2. How would you describe your career path/journey?
I would describe my pathway to become an equine veterinarian and now internal medicine specialist as unconventional. While I have loved and been comfortable around horses from a young age, I rode sparingly over the years and never owned one of my own. The fact that I had a desire to enter into a field that I had little practical experience was very unusual, but my determination and drive are what have helped me excel throughout the years.
My foundation was built at both Howard University and Tuskegee College of Veterinary Medicine, places which thrive in diversity and promote academic excellence. From there, I was able to gain more experience and confidence under the guidance of some great clinicians at both Louisiana State University (where I completed my rotating equine surgical and medicine internship) and Texas A & M (TAMU), where I completed my large animal internal medicine residency. I do not regret any part of my journey, as it has helped me grow into a competent veterinarian and allowed me to forge lifelong bonds with other veterinarians in and out of my field.
3. What do you consider one of your career successes? How did you achieve it?
At the end of my final year of residency at TAMU, I was selected by my senior clinicians to receive an award for my performance in emergency medicine. It was a pleasant and unexpected surprise. I believe that I was considered as a recipient of the award was partially due to one of the most demanding emergency weekends I had been on call for – assisting with the admission and management of animals recovered from the flood waters in the aftermath of Hurricane Harvey.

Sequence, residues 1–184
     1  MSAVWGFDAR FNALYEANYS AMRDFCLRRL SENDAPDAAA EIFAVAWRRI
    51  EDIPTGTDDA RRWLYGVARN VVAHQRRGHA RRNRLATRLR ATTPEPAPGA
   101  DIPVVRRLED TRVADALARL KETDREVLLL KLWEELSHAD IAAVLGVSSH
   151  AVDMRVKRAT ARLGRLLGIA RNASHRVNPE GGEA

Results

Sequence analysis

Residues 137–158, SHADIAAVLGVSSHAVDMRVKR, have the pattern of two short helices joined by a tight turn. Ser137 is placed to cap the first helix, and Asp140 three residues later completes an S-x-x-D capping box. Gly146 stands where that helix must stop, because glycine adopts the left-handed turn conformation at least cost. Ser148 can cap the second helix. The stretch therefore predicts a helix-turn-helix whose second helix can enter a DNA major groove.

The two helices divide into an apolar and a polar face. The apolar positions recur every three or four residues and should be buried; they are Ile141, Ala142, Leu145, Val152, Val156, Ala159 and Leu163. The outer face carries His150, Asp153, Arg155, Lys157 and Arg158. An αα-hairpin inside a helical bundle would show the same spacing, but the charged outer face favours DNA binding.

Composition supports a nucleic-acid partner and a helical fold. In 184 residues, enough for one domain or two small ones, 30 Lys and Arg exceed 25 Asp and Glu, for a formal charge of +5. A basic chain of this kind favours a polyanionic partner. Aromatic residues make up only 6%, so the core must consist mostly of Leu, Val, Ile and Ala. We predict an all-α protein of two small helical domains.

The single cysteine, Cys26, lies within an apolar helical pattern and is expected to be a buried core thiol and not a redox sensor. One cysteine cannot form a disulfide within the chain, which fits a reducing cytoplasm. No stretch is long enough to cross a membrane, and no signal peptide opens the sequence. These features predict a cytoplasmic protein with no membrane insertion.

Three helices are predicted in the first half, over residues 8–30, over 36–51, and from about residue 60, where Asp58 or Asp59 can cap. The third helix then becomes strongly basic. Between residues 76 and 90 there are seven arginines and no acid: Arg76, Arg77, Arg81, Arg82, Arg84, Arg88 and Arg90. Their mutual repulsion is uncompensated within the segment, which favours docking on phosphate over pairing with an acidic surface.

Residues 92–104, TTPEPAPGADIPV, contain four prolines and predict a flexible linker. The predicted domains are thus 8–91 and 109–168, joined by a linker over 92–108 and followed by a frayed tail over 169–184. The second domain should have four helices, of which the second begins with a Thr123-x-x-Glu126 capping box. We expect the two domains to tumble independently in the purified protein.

What stood out to me the most about that weekend was that it was successful due to the entire teaching hospital: clinicians, house officers and support staff from every department showing up and pitching in to help the scores of displaced horses arriving by the trailer load. I had never been so exhausted, but at the same time fulfilled by the challenge that the caseload presented.
Even more, the award signified recognition from doctors I strived to emulate and at the same time represented tangible evidence of my growth as a resident. All the long hours spent agonizing over cases, sleepless nights and sacrifices I had along the way had amounted to something.